The most popular U.S.-based cryptocurrency exchange, Coinbase, saw an increase of deposits and buy orders during the panic sell in mid-March. While customers were purchasing various digital assets, Bitcoin was the clear leader with the most buyers during the drop.
Coinbase Reviews The March Panic Sell
12-13th of March marked one of the most violent price plunges in cryptocurrency history. Bitcoin, and most alternative coins, decreased with as much as 50% at one point. This came after the WHO proclaimed the COVID-19 as a pandemic, President Trump halted flights from Europe, and numerous countries initiated radical measures, including full lockdowns.
The cryptocurrency market was not the only one suffering. Equities, oil, and even gold plummeted, as investors were panic selling all of their liquid assets to receive cash.
Coinbase recently issued a report on what transpired during those hours. It reviewed the performance from most markets and outlined that large leverage trading positions could be related to the massive plunge amongst cryptocurrencies:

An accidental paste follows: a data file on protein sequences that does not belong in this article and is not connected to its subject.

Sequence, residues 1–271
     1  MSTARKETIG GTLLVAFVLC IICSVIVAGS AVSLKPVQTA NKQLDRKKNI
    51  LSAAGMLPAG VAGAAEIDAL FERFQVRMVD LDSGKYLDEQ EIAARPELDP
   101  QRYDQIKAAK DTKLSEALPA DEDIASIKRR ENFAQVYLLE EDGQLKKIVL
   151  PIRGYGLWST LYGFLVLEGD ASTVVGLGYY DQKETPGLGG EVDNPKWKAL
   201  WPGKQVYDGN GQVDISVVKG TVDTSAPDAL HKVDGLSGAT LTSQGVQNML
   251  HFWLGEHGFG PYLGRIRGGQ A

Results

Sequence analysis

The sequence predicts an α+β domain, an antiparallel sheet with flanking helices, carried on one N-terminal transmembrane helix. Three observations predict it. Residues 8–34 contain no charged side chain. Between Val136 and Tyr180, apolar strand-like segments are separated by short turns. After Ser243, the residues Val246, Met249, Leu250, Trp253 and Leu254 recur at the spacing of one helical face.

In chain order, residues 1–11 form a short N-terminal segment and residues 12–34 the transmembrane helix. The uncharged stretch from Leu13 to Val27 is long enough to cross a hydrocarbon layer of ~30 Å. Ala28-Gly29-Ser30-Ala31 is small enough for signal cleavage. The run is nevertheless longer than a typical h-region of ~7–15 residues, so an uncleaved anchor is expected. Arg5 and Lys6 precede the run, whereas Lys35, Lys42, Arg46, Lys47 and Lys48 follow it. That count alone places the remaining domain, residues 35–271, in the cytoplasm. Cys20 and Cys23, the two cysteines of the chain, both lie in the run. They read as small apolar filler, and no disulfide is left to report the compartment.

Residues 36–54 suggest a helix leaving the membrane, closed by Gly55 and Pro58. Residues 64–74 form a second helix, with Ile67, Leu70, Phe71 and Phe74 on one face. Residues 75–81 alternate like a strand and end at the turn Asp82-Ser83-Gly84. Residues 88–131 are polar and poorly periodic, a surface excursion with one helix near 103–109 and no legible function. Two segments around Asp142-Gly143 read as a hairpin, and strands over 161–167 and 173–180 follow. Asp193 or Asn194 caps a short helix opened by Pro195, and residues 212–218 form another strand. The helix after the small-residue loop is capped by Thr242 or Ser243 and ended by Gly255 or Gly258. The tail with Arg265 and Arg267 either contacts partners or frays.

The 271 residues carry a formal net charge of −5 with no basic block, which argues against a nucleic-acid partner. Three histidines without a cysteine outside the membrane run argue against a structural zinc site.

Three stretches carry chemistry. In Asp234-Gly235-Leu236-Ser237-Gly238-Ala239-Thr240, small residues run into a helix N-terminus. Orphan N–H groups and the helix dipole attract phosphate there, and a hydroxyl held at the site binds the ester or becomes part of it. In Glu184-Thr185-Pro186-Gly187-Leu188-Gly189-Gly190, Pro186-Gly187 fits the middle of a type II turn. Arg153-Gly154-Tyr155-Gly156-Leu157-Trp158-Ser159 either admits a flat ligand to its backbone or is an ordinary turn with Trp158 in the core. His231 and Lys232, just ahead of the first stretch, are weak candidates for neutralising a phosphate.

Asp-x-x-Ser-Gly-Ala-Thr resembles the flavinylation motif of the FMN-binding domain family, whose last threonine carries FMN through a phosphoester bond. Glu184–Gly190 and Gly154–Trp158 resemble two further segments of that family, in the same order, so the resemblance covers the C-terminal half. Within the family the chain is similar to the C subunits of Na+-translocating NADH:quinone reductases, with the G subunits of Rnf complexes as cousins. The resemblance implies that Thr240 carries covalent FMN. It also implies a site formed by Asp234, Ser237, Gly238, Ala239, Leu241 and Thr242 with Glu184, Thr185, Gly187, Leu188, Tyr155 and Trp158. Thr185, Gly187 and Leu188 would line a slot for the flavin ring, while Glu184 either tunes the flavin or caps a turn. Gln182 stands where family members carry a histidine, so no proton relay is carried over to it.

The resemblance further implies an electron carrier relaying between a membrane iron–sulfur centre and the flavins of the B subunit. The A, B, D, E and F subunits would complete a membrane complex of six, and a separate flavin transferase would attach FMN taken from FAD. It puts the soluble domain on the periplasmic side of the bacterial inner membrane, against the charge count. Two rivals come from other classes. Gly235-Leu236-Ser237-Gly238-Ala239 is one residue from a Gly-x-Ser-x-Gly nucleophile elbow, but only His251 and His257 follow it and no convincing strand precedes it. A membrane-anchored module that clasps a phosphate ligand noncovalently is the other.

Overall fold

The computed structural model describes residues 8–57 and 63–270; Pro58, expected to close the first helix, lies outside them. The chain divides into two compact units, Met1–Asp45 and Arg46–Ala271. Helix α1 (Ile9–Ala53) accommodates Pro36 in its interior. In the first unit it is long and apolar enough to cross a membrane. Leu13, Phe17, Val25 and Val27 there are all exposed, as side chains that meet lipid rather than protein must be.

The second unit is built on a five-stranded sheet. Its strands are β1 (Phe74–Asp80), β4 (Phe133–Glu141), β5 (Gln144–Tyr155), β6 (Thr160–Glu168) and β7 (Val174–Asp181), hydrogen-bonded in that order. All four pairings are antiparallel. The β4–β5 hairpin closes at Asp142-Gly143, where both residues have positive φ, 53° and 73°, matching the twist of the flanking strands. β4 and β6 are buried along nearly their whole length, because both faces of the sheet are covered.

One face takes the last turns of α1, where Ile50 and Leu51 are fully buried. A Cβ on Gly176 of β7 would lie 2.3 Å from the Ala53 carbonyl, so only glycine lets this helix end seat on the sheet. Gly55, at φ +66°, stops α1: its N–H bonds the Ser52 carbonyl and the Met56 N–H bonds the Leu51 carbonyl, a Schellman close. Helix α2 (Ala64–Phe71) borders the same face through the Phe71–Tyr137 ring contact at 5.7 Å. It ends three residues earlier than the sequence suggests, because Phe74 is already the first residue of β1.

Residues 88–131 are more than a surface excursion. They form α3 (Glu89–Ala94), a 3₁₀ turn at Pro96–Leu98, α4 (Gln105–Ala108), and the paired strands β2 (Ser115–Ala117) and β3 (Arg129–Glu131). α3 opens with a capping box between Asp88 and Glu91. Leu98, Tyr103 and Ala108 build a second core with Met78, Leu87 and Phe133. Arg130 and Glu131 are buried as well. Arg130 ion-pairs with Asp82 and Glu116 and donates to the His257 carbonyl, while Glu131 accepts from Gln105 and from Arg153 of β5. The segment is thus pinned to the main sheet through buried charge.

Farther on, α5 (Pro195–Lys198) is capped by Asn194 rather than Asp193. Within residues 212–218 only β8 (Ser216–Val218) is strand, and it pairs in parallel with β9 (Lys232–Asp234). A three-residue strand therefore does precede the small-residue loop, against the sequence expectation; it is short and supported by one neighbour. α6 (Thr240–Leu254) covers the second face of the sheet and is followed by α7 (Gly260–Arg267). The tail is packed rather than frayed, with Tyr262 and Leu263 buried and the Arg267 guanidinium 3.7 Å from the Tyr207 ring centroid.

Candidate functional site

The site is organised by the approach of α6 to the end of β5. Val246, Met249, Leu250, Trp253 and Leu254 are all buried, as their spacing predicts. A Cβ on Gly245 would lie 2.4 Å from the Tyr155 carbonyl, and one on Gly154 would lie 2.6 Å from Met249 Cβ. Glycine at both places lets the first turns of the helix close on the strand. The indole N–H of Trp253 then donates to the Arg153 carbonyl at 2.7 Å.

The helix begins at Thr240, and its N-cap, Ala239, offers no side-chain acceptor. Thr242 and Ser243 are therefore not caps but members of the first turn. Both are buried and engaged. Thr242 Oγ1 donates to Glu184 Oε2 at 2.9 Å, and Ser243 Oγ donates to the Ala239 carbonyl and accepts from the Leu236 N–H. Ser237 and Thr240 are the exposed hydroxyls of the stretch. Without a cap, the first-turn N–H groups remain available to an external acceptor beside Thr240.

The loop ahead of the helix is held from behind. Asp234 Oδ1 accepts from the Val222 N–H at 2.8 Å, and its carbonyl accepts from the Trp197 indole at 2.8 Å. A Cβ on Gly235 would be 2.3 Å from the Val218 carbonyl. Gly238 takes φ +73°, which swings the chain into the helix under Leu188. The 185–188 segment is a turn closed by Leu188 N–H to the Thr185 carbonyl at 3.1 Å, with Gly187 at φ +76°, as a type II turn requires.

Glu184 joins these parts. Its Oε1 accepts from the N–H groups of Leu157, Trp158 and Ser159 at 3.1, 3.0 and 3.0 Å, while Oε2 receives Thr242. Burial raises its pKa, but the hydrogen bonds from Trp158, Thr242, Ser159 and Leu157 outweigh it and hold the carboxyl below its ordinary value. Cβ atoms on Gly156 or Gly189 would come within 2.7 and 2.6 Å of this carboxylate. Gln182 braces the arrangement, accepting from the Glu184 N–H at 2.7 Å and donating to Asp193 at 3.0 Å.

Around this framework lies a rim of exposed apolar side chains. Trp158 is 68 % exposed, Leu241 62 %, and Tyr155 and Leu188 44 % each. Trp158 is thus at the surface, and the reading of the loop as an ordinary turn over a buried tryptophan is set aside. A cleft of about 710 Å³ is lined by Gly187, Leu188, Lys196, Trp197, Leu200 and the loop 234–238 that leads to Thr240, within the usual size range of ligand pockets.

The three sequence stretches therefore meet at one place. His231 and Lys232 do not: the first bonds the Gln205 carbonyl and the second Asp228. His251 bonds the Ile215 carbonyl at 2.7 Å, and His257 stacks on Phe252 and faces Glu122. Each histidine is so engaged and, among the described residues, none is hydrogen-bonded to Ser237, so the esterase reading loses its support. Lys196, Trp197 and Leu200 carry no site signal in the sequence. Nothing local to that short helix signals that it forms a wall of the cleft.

“Traditional equities markets limit the amount of leverage to ~2-3x. In contrast, Bitcoin has some offshore exchanges that offer 100x+ leverage, where $1 of Bitcoin could be used as collateral to back $100 in purchasing power. To be fair, this is very risky – a position leveraged to 100x would force-closed if the market moved just ~1% against you. So most traders hold positions at a more sensible 5-30x leverage, but still notably higher than 2-3x.”
The report informed that hours before the crash, the aggregate size of all leveraged contracts on exchanges hovered around $4 billion.
Investors Buying The Dip
According to the document, customers buying digital assets on Coinbase are generally 60% more than those who sell. During the crash, however, the number jumped to 67%.
In fact, the popular exchange saw a 5x increase in cash and cryptocurrency deposits, a 2x rise in new-user signups, 3x in trading users, and even more impressively – 6x surge in total traded volume.
The most bought asset, somewhat expectedly, was the primary cryptocurrency – Bitcoin. Over half of all deposits and trades involved BTC. Naturally, the second and third-largest coins by market cap, Ethereum (ETH), and Ripple (XRP) were next.
From the lower-seeded altcoins, customers were depositing and buying significant quantities of Tezos, Chainlink, Litecoin, and Bitcoin Cash.